“India is a major hydropower producer, recently overtaking Japan as the world’s fifth-largest producer by installed capacity at over 50GW,” notes Alex Campbell, Head of Research and Policy at the International Hydropower Association (IHA), a non-profit organisation that aims to advance the development of sustainable hydropower.

“Hydropower provides essential flexibility and storage services for variable renewables like solar and wind power. It’s critical importance to India was perhaps best demonstrated in April 2020, when hydropower operators restored electricity to tens of millions of households following a Covid-19 lights-out vigil that caused an unprecedented 31GW fall in demand.”

This example is particularly relevant, as it demonstrates the potential of hydropower to provide a flexible and reliable source of power in exceptional circumstances, useful traits considering India’s ambitious climate and energy targets. 

Last year, Prime Minister Narendra Modi said that Indian energy consumption could double “over the long term” and outlined plans to increase the country’s reliance on renewable power, targeting 450GW of renewable production by 2030.

Such plans are admirable for their scale, but are likely to require reliable, productive forms of energy generation that are already well-established, such as hydropower, to balance more lucrative investments in projects such as wind and solar power.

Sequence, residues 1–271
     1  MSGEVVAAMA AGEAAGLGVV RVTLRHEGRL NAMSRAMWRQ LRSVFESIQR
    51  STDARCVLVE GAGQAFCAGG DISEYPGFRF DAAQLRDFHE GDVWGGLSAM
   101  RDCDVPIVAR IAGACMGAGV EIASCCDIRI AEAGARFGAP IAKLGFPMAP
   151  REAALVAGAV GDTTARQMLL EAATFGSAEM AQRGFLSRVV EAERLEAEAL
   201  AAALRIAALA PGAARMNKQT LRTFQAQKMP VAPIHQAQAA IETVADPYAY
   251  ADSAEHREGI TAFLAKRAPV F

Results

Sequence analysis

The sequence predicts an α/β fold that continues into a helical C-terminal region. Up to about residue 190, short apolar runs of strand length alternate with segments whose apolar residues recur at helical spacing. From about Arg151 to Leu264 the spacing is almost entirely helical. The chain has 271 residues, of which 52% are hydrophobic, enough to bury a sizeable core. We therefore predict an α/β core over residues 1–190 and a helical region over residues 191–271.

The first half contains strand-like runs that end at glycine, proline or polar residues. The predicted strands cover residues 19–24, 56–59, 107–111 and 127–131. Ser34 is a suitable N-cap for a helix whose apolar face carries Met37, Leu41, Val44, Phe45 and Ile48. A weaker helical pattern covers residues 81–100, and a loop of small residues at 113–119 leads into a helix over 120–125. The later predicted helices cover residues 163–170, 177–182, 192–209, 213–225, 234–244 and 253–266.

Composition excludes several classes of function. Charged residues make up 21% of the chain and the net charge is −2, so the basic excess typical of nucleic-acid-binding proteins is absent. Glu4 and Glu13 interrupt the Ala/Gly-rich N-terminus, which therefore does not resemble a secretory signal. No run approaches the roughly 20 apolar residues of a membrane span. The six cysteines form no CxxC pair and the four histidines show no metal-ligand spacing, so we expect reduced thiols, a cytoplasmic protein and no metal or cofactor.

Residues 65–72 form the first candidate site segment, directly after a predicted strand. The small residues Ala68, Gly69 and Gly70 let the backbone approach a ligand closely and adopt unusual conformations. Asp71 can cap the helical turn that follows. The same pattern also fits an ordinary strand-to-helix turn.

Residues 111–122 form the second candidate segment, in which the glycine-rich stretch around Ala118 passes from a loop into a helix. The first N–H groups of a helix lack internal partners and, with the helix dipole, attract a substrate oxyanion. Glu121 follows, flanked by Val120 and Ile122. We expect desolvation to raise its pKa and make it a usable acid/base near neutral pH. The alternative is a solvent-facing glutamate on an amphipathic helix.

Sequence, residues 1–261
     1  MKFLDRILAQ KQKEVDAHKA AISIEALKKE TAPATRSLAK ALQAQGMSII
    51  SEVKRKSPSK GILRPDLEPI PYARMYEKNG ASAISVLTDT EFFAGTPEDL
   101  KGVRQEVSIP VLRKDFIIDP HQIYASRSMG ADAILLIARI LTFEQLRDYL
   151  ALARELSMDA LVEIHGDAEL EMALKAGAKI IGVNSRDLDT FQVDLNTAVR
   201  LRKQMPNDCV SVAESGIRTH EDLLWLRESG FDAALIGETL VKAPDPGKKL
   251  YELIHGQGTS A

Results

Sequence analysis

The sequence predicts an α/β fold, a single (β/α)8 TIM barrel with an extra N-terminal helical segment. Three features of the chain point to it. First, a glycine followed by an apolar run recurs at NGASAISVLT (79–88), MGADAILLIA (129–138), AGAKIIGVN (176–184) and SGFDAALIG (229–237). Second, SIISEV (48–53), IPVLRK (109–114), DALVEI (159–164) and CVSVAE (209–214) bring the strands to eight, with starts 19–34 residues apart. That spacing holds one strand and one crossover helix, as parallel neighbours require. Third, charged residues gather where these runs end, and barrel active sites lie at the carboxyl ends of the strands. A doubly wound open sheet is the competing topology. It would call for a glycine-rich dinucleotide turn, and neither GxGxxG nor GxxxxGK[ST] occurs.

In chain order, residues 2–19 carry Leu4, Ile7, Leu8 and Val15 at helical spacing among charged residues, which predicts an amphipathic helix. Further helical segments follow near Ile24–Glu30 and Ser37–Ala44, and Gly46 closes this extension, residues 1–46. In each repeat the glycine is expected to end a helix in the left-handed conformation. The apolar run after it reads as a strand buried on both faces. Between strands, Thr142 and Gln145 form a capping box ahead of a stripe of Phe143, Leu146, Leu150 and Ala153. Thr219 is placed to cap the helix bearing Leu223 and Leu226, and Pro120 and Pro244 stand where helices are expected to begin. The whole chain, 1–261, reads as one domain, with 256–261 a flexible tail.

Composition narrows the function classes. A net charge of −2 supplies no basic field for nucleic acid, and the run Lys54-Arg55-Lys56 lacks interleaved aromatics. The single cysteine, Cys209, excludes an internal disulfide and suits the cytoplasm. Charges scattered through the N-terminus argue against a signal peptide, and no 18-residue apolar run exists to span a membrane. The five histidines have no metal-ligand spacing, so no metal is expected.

“If you remove hydropower from modern energy grids, the cost to both the environment and energy security would be huge,” says Campbell, highlighting the extent to which hydropower has quickly become a cornerstone of both the Indian and global energy mix. 

“Analysis by the IHA suggests that, if hydropower was replaced with burning coal for electricity generation, up to four billion metric tonnes of additional greenhouse gases would be emitted annually worldwide and emissions from fossil fuels and industry would be around 10% higher.”

Challenges in the past

When transitioning from one form of energy to another, there are often challenges involved, and hydropower in India is no different. The rapid and widespread construction of hydropower facilities threatens to impede the lives of both local people and wildlife, with artificial reservoirs and the potential for flooding disrupting long-established cultural and behavioural patterns.

These theoretical risks are heightened in India, where much of the country’s hydropower developments are centred in the Himalayan states in the north of the country. In 2003, the government announced ambitious plans to construct 162 new hydropower dams by 2025; 113 of these, with a production capacity of 40,000MW, are set to be built in five Himalayan states. More specifically, a total of 33 facilities were slated for construction in the state of Uttarakhand.